Think About It: Although the enemy cannot separate you from the love of God in Christ Jesus, once you are saved he delights in deceiving you so you don’t appropriate what is yours. His strategy is to convince you that whatever you need from God you don’t deserve. He wants to convince you that you shouldn’t ask Him for it or expect Him to give it to you. (Kay Arthur, Lord, Is It Warfare?)
- Staying Healthy: The temptation to mysticism is as true today as it was at the time Paul wrote to the Colossians. If you or someone you hear about claims to see a vision, to encounter an angel, or to have a supernatural experience:
- What should be the main message proclaimed in order for it to be a true message from God? Explain your answer.
- What clues would help you recognize that this person is not satisfied with all that she already has in Christ so that she is seeking a substitute?
Day Two Study
Read Colossians 2:16-23.
The temptation of asceticism (strict self-denial as a means of personal holiness and earning merit with God) is affecting the Colossians. Asceticism is a substitute for Christ.
- Let’s focus now on vv. 20-23. What spiritual practice initiated by false teaching does Paul attack next?
- Focusing on verse 23:
- These “do not’s” seem to have the appearance of what? How?
- What does Paul say these spiritual practices of outward performance or compliance can NEVER accomplish (verse 23)?
- Why is that? Refer back to Romans 8:1-8.
Focus on the Meaning: If people practice various forms of abstinence and find their spiritual health improved thereby, that is their own responsibility. But if they make their abstinence a matter of boasting, and if they try to impose it on others, they are wrong. (F. F. Bruce, “The Colossian Heresy, Part 3 of Colossian Problems,” Bibliotheca Sacra, 141, July-September 1984:205)
- The word “fraud” is defined as the “intentional perversion of truth in order to induce another to part with something of value or to surrender a legal right” (merriam-webster.com). A fraud presents a substitute. Explain how these false teachings are a “fraud” to the full, complete, and pure gospel message (TRUTH v. ERROR) that was first taught to the Colossians.
Think About It: Four harmful teaching emphases of these false teachers are still with us today. The first is “higher” knowledge (Gnosticism) such as so called scientific, archaeological, or paleontological “facts” that contradict Scripture, so called revelations that claim to be on a par with Scripture, and teaching that directly contradicts biblical revelation. The second is the observance of laws to win God’s love (legalism). Some examples are: salvation by works, teaching that puts Christians under the Mosaic Law, and teaching that says sanctification comes by keeping man-made rules. The third is the belief that beings other than Christ (angels, “saints,” or ancestors) must mediate between people and God (mysticism) or that certain mystical experiences can improve our relationship with God. The fourth is the practice of abstaining from things to earn merit with God (asceticism). Some examples are: fasting to force God’s hand, living in isolation to avoid temptation, and self-mutilation to mortify the flesh. (Constable’s Notes on Colossians, p. 48-49)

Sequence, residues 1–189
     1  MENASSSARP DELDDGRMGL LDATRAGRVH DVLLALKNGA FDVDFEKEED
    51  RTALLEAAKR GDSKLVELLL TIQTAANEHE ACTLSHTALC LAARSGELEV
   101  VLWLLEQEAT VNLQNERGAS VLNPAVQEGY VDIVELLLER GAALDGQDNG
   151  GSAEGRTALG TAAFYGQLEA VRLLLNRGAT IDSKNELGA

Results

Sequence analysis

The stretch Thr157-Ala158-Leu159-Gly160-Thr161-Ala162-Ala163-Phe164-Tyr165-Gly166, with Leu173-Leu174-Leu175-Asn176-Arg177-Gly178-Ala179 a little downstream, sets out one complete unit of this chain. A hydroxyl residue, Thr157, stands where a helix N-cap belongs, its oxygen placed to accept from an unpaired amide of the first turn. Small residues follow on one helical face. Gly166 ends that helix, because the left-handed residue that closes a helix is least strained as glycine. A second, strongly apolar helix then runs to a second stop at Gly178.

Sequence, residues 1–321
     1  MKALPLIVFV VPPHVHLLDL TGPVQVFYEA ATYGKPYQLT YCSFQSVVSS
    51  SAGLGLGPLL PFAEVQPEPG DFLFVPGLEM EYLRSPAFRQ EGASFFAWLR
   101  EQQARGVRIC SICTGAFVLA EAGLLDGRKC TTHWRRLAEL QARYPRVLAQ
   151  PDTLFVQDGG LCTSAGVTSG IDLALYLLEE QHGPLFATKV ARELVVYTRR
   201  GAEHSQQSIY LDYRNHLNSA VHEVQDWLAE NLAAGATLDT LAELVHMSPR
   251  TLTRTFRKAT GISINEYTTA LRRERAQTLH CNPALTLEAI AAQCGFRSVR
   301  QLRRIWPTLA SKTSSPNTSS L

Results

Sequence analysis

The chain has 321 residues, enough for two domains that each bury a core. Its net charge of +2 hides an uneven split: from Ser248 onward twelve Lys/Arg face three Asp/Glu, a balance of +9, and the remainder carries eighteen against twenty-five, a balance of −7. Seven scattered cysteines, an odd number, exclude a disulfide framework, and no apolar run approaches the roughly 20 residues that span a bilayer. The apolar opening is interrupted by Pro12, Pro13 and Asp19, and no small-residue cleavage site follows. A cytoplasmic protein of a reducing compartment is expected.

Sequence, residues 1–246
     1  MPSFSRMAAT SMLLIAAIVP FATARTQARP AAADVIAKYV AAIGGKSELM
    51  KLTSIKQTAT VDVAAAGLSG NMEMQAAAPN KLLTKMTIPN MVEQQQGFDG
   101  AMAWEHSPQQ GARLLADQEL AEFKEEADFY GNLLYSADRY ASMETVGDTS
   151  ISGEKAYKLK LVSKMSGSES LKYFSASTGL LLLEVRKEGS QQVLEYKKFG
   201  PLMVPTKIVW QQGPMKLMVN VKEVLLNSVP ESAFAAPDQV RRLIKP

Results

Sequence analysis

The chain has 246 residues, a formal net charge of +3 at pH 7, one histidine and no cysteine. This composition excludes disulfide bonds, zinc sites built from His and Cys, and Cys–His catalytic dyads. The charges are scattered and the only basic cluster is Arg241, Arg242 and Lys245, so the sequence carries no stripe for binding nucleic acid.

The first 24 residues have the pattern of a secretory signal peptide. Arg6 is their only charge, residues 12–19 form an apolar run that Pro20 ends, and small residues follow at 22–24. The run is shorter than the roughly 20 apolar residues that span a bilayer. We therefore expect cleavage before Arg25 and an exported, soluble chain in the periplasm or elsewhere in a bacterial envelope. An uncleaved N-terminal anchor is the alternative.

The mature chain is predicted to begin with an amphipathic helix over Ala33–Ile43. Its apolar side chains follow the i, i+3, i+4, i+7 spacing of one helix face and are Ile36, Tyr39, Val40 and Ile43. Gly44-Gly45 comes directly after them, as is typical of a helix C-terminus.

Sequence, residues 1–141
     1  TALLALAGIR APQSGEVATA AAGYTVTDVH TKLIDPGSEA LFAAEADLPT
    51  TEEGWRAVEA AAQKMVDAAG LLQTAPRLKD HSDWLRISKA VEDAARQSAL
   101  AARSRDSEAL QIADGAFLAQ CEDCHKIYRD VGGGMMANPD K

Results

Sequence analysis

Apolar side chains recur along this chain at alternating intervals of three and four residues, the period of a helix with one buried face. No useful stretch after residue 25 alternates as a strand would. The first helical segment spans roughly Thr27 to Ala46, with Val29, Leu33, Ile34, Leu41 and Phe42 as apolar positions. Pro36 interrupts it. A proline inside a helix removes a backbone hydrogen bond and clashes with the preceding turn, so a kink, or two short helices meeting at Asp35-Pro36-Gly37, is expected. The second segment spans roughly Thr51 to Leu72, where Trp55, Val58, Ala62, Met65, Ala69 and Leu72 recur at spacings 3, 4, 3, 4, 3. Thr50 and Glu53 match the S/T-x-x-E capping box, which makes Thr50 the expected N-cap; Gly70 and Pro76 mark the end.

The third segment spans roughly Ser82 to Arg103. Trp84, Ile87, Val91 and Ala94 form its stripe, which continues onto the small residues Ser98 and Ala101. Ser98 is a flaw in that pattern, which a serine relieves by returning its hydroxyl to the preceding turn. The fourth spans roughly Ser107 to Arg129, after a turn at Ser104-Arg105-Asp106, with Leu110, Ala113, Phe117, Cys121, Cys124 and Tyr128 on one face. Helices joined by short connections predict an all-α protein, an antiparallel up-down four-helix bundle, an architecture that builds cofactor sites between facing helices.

- Staying Healthy: Genuine Christians can be deceived by false teaching, even teaching concerning Christ. Have you recognized in your study of Colossians so far that you have a concept about God, Christ, salvation, the church or the Christian life that is not based on Scripture, but on man-made tradition or philosophy? Write it (them) down. Now, give that to Jesus and ask Him to help you accept the truth of God’s Word alone.
Think About It: When we make Jesus Christ and the Christian revelation only part of a total religious system or philosophy, we cease to give Him the preeminence. When we strive for “spiritual perfection” or “spiritual fullness” by means of formulas, disciplines, or rituals, we go backward instead of forward. Christian believers must beware of mixing their Christian faith with such alluring things as yoga, transcendental meditation, Eastern mysticism, and the like. We must also beware of “deeper life” teachers who offer a system for victory and fullness that bypasses devotion to Jesus Christ. In all things, He must have the preeminence! (Constable’s Notes on Colossians, p. 49)
The treasure we have in Jesus Christ is greater than anything we can substitute for Him.
Day Three Study: TRUTH—the Prescription for Healthy Living
Dwell in Truth You Can Know
- Review the Colossians passage we studied in this lesson. List the truths about God and His relationship to us that we can KNOW.
Humbly Accept the “I Don’t Know or Understand”
- From the Colossians passage we studied in this lesson, make note of anything that you do not understand at this time.
Discern Teaching through the Complete Revelation of God’s Word
- Evaluate something you have read or heard in light of the TRUTH you are learning—books, social media, billboards—things that sound nice and comfy but may actually lead to or be based upon error in biblical thinking. Does anything come to mind that fits with today’s lesson? Discern truth from error using the following process.
- Step #1: Define the terms and issues involved.
- Step #2: Ask questions and support your answers with Scripture, looking for truth you can know and what you can’t know.
- Step #3: Think of a graceful response to someone holding to that type of thinking.